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Do Third-Party Background Checks Include Juvenile Records? HR Questions Answered

Teenagers can make some pretty consequential mistakes. However, part of the point of juvenile records is that our society believes youth can learn and change their ways after experiencing a juvenile conviction. Due to this structure, there are ways in which juvenile records may not appear on background checks.

A Gap in Information

The first way in which this could happen would be the fact that many states limit how far back you can look with a criminal background check. For instance, in Texas, the law states that employers can only check back seven years unless the employee will be making more than $75,000 a year. This means that if you committed a juvenile felony and it remains on your record, it will not be visible on a background check after seven years in Texas.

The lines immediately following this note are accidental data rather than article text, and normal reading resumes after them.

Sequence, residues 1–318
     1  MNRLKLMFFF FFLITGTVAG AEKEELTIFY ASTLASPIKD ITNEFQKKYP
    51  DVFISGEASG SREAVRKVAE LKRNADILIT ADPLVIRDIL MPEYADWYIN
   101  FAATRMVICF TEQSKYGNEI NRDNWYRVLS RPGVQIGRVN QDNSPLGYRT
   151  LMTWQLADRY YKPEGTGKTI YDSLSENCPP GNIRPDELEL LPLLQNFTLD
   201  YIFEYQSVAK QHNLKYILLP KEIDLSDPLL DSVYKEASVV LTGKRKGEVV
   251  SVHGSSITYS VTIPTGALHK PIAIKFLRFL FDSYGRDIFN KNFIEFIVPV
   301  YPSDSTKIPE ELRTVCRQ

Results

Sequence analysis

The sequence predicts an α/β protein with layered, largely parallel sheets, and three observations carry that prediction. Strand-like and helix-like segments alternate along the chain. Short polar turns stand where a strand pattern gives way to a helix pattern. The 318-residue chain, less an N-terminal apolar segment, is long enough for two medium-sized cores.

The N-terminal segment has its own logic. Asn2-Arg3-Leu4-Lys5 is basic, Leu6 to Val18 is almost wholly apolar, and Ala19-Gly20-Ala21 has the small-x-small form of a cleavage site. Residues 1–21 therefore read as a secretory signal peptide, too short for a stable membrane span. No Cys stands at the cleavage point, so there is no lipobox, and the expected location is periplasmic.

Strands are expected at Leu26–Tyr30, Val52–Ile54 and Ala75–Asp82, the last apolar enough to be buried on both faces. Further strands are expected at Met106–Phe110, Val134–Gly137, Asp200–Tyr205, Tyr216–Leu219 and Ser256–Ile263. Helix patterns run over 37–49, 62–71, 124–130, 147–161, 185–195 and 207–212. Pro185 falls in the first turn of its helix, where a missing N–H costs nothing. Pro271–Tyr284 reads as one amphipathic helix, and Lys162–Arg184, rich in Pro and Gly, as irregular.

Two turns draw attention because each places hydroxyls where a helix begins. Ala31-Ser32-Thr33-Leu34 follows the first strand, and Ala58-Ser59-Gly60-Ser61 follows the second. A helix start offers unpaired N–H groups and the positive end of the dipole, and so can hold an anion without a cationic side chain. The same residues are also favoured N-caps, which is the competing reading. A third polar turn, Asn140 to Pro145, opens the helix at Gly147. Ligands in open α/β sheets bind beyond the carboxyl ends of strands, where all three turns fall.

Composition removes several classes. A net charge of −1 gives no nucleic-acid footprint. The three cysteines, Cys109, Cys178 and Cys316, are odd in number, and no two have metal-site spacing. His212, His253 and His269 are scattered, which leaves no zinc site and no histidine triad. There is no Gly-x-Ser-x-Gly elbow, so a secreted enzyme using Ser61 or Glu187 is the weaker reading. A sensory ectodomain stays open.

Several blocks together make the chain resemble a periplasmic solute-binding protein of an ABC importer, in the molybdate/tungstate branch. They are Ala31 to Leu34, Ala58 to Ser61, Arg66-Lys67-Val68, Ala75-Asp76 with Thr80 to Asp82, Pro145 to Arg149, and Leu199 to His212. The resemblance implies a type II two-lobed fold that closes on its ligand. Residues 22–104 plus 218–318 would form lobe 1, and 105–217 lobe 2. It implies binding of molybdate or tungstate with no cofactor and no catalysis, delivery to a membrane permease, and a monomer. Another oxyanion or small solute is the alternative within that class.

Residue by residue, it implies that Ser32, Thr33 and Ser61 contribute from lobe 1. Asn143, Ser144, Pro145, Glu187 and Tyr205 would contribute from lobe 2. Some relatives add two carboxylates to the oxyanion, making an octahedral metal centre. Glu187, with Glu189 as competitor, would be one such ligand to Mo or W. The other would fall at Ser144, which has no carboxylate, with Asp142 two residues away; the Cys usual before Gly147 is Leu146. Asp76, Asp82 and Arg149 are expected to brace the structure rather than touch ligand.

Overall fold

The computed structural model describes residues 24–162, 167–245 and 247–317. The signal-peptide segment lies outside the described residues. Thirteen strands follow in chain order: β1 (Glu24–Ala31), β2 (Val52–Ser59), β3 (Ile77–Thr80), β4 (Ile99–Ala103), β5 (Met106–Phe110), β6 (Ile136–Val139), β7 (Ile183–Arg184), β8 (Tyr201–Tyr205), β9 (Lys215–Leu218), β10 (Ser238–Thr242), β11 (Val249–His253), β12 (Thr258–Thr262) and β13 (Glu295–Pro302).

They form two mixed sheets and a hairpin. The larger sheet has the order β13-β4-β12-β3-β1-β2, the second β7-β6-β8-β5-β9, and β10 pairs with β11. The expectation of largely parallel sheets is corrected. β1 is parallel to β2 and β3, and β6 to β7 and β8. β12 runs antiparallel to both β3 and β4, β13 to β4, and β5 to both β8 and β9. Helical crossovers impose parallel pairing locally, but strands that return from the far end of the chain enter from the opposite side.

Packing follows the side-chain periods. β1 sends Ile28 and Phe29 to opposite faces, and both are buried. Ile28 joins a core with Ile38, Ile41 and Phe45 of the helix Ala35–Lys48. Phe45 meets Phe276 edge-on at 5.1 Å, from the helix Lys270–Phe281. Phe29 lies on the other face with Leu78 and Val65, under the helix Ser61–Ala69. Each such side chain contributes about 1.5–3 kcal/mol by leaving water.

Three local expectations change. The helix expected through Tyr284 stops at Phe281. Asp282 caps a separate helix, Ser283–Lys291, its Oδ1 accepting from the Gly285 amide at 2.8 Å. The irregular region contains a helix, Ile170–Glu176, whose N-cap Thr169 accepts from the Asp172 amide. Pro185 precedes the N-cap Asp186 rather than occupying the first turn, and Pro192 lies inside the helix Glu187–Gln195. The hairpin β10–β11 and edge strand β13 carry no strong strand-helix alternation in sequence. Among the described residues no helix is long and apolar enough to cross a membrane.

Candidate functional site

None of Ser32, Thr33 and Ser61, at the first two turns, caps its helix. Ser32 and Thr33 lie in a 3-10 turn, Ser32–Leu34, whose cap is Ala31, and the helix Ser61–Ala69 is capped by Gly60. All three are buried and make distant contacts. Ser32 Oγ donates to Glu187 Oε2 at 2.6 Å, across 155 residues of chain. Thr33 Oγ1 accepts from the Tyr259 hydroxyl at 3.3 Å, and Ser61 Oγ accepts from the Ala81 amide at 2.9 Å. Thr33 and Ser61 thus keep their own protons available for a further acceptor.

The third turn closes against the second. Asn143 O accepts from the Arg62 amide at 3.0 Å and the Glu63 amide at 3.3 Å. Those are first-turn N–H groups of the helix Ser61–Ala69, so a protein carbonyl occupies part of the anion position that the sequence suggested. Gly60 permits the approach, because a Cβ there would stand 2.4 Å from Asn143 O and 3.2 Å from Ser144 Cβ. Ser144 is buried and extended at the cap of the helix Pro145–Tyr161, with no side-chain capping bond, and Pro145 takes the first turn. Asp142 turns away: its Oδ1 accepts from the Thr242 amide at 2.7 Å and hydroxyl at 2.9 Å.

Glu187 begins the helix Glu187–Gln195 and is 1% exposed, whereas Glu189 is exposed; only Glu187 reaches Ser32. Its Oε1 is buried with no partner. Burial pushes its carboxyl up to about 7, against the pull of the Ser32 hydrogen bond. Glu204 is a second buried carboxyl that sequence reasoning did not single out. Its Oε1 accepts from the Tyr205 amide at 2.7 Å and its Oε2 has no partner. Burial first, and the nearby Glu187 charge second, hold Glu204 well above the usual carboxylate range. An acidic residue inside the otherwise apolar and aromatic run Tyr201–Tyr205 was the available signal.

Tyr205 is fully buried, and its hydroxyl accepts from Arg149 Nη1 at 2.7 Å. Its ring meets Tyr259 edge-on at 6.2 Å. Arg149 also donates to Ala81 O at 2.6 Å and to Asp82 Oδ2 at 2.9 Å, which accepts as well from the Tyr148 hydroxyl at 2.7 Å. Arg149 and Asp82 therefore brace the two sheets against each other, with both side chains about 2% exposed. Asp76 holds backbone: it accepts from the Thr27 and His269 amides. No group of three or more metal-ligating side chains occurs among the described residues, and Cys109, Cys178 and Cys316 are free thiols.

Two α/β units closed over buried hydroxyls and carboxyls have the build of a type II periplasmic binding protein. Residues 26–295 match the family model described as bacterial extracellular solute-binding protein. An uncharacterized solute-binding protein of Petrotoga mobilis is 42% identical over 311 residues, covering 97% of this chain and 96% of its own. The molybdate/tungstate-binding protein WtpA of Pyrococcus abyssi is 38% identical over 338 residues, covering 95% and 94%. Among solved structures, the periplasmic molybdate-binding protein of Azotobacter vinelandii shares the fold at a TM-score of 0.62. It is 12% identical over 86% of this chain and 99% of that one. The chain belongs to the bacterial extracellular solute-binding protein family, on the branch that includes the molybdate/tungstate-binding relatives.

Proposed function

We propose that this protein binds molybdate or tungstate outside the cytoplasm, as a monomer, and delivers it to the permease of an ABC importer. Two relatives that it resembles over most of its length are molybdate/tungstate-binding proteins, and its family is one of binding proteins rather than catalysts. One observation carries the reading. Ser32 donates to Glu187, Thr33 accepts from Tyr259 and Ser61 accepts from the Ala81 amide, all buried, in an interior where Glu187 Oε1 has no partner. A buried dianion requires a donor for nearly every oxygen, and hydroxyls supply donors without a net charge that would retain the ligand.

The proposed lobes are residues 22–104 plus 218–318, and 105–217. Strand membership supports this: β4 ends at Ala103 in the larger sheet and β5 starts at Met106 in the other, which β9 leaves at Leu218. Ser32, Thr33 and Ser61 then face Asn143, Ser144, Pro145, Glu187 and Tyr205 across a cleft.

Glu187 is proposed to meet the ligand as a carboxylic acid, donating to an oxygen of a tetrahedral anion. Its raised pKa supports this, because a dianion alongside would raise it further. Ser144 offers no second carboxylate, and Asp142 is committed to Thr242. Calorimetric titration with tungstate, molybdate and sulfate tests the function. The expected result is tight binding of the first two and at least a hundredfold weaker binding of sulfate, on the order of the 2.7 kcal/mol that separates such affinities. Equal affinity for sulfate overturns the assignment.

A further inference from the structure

However, federal law (via the Fair Credit Reporting Act) trumps state law. According to the FCRA, “No requirement or prohibition may be imposed under the laws of any State...relating to information contained in consumer reports.” The exception to this is any state law in effect by September 30th of 1996. Federal courts have even ruled on this issue in the past.

If you’re uncertain, always engage the services of competent legal counsel.

Young woman talking with psychologist about her problems

Sealed Records Are Not Available

When you have a juvenile conviction, the state in which you committed the act has rules on how soon and in what way you can have a felony removed from your record. This is the main reason why a background check won’t reveal juvenile records: they’ve been sealed, and are no longer available to the public.

Regardless of how far back you go with a thorough background check, the information simply might not be there. In many cases, records pertaining to juvenile offenses are managed by completely different court systems.